1. For a trust acquisition in a land holding trust, the Commissioner will exercise the discretion under section 61(3) if satisfied that the trust interests of the persons in the land holding trust:
    1. were acquired, and will be used, independently

    and

    1. were not acquired, and will not be used, for a common purpose.
  2. In circumstances where a person is a beneficiary of more than one trust, or a person is a beneficiary of one trust and a related person of that person is the beneficiary of another trust, the trustees of those trusts may independently acquire a trust interest in a land holding trust. The trustees will be related persons under section 61(1) but may request the Commissioner to exercise the discretion under section 61(3).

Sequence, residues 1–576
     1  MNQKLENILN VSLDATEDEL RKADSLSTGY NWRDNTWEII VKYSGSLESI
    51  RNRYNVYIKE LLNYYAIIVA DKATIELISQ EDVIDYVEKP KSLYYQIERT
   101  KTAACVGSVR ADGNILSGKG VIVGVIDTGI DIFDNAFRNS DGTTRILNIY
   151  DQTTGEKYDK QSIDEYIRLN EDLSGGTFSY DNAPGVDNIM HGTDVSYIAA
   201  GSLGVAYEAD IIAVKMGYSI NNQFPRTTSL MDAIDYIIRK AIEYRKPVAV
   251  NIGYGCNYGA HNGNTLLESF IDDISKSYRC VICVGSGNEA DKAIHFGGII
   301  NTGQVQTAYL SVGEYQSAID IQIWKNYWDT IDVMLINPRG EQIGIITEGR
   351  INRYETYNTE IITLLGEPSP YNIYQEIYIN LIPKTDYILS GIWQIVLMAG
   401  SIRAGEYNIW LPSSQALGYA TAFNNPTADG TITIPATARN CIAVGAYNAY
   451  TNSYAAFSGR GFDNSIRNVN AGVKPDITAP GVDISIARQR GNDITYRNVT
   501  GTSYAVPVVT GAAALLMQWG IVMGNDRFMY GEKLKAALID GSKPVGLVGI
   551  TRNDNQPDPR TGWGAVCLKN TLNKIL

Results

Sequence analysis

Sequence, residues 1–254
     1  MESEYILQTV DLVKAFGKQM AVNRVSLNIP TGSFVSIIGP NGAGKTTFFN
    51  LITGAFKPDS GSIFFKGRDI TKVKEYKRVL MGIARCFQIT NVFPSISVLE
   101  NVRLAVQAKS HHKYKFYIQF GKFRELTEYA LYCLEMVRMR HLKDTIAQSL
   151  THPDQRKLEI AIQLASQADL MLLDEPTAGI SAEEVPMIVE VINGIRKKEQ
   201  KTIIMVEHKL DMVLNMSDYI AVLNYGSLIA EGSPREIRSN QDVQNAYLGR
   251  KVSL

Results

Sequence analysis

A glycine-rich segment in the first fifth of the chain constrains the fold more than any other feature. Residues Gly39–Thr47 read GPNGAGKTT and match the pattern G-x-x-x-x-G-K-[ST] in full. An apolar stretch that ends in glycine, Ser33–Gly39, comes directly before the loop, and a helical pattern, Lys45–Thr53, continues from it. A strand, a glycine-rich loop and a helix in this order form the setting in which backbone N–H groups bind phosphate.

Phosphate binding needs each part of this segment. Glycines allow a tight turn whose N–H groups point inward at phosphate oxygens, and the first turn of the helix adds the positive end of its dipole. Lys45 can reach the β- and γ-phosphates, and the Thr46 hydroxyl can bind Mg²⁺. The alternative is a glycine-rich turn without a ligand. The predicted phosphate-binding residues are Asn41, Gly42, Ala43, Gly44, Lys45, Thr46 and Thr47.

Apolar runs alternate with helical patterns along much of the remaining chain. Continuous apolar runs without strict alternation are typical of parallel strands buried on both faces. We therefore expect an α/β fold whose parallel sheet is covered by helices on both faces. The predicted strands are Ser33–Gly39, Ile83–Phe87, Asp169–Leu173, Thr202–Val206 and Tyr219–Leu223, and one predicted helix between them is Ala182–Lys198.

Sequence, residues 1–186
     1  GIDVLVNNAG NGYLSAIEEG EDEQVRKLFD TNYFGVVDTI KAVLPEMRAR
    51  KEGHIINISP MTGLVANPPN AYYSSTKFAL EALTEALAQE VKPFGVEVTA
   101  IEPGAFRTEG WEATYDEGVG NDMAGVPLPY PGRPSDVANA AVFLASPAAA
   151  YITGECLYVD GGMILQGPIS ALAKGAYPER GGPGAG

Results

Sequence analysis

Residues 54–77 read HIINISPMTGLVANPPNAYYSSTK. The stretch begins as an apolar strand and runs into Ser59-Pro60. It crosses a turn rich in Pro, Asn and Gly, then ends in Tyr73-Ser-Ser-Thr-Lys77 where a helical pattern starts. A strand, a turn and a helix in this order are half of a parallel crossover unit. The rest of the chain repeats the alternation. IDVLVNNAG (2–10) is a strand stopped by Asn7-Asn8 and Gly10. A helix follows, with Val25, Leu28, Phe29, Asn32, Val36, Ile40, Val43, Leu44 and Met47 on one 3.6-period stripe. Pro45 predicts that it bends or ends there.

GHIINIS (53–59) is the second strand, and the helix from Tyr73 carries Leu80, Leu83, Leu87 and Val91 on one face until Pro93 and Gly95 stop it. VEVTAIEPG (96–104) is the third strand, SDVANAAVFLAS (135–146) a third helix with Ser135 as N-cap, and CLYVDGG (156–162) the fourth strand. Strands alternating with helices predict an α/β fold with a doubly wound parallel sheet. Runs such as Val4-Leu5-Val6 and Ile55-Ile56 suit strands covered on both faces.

3. To assist the Commissioner in determining the matters referred to in paragraph 8, the following must be lodged:
    1. a statutory declaration by each of the persons, declaring that
      1. there is no arrangement, understanding or agreement, whether in writing or orally, between any of the persons, under which the interests are acquired or the interests held are to be used interdependently and for a common purpose
      2. none of the persons required as a condition of any arrangement, understanding or agreement to acquire the interests, whether in writing or orally, the making or completing or any other arrangements, understandings or agreements to acquire the interests

      and